Newest Review: ... to dwell on the implications of this, she is called in to help on a new case. There has been a case of arson at the property of publishin... more
Good story, but main character lacks human personality
Point of Origin - Patricia Cornwell
Member Name: JOHNDMR
Point of Origin - Patricia Cornwell
Date: 18/03/05, updated on 07/04/05 (143 review reads)
Advantages: see review
Disadvantages: see review
Feeling in the need for a thriller and wanting to broaden my horizons beyond the UK, I decided to try something from one of the top US crime writers whose books can be found on our shelves at work.
Patricia Cornwell’s heroine is Dr Kay Scarpetta, Chief Medical Examiner for ATF (Alcohol, Tobacco & Firearms), the federal law enforcement agency. In ‘Point of Origin’ (I’ll resist the temptation to call it POO), she is getting ready for a short break with her boyfriend, former FBI profiler Benton Wesley, when a cryptic, sinister letter comes through the post. It is signed by Carrie Grethen, a psycho killer (and former lover of her niece Lucy) whom Scarpetta helped to send to a psychiatric hospital after she went on a murderous rampage not long before. Now Carrie’s on the loose again, vowing to get even, writing to the press that she was seduced by Lucy, and then framed by Scarpetta and Wesley for crimes she never committed.
Before Scarpetta has time to dwell on the implications of this, she is called in to help on a new case. There has been a case of arson at the property of publishing entrepreneur Kenneth Sparkes, resulting in the deaths of his former girlfriend Claire Rawley, and nineteen horses in the stable. In her forensic work she finds grounds for believing that Rawley had been murdered before the fire was started. While her investigations are in progress, she hears of an apparently copycat murder. Is Grethen behind that one as well?
Needless to say, it’s not quite as simple as that, otherwise this would be a rather predictable and very short novel. We’re hardly going to know who the murderer is when we’re barely a third of the way through.
There’s a clue to be found in the minute metal shards in the victims’ skulls. And there’s another death, an unauthorised internet connection that provides a further clue or two, a couple of obstructive persons in high places, notably Grethen’s legal aid attorney who stonewalls Scarpetta in a futile interview - and various twists and turns, not least another rather surprising and shocking death.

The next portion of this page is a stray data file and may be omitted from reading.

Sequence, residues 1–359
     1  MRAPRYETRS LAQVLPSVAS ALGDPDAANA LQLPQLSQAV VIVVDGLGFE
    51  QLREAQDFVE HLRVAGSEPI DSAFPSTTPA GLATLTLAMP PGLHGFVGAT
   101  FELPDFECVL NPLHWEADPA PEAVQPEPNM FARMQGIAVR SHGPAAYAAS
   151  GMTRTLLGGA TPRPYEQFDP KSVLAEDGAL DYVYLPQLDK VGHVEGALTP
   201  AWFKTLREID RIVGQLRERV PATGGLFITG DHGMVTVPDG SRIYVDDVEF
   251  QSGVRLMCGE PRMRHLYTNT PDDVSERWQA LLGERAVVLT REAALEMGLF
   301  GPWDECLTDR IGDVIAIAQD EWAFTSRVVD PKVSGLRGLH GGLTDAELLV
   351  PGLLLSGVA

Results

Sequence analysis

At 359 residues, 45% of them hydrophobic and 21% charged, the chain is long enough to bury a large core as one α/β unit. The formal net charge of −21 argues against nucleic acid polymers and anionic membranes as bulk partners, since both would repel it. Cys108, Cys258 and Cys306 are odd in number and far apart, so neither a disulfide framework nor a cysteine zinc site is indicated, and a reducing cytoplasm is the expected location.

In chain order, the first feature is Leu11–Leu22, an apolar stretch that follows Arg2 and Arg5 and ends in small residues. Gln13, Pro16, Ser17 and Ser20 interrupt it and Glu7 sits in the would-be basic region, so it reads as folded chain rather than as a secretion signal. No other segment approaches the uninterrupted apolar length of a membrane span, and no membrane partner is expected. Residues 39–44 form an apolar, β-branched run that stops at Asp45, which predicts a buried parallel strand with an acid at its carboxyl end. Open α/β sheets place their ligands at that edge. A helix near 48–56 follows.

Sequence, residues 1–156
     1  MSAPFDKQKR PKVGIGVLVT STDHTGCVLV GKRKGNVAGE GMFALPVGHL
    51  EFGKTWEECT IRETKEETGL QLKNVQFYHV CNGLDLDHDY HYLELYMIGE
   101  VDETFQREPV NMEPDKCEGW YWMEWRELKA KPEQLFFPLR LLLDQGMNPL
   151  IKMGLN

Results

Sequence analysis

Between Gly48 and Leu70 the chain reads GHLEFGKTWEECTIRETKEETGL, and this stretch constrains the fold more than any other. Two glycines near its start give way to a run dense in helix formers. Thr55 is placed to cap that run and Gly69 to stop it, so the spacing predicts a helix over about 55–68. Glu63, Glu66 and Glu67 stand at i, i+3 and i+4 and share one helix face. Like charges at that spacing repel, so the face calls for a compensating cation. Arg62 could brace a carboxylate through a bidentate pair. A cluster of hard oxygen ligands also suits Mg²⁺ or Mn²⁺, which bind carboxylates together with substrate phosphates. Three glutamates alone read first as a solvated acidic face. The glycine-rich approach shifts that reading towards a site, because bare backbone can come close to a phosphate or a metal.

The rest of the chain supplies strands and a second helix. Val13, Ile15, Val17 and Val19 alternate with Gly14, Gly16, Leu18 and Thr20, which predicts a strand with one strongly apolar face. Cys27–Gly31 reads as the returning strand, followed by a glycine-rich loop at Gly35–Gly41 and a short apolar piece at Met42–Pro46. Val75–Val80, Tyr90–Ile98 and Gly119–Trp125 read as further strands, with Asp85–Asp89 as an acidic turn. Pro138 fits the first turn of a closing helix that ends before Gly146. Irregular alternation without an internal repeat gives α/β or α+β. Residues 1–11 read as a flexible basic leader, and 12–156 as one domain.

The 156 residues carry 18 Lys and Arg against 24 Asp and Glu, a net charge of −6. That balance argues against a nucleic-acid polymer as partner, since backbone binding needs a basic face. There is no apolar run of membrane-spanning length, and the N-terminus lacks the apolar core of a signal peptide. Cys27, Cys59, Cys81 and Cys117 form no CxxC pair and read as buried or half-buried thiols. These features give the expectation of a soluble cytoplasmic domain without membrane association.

A compulsive thriller? While I wouldn’t call it compulsive, I gradually got hooked by the story. In the early stages I found the plot a little too slow moving, and to my non-technical mind, it seemed as if all the forensic and technical detail was being used to pad out a rather thin story. But there was a stage roughly halfway when an unexpected development lifted it up a gear from ‘OK thriller’ to ‘real page turner’.
Some of the personal detail is pretty grim and requires a strong stomach. Still, as with any other gory US murder yarn published in the last few years, you can always remind yourself that it’s fiction. Sometimes it strikes me as a touch over-written, too much padding in places, but that’s probably down to market forces which equates long (not to say overlong) novels with value for money.
Moreover, I finished the book feeling that Dr Kay Scarpetta was very efficient, successful at her job, but a little two-dimensional. It was as if there was too little human personality to identify with. I won’t say she wasn’t a likeable character, but she came across as a ruthless career woman but not much else. She could do with a sense of humour.
Now I don’t mean to sound insular or xenophobic, but I’ve a hunch that in Blighty we like our detectives, whether in print or on TV (Wycliffe, Morse, Wimsey, Marple, Poirot – and I know the last is Belgian, but he was created by a British writer), to be endearing, loveable even, and if possible slightly eccentric as well. Dr Scarpetta fails that test. She does prove vulnerable once or twice in response to events, but she would have had to be exceptionally hard-boiled not to.
In short, it’s a good story, but something is still lacking - the main character lacked that extra warmth. I’d recommend this one half-heartedly, I suppose, but it doesn’t persuade me to seek out any other of Patricia Cornwell’s books.
£6.99 (high street), £5.59 (Amazon), or as usual much less on Amazon marketplace.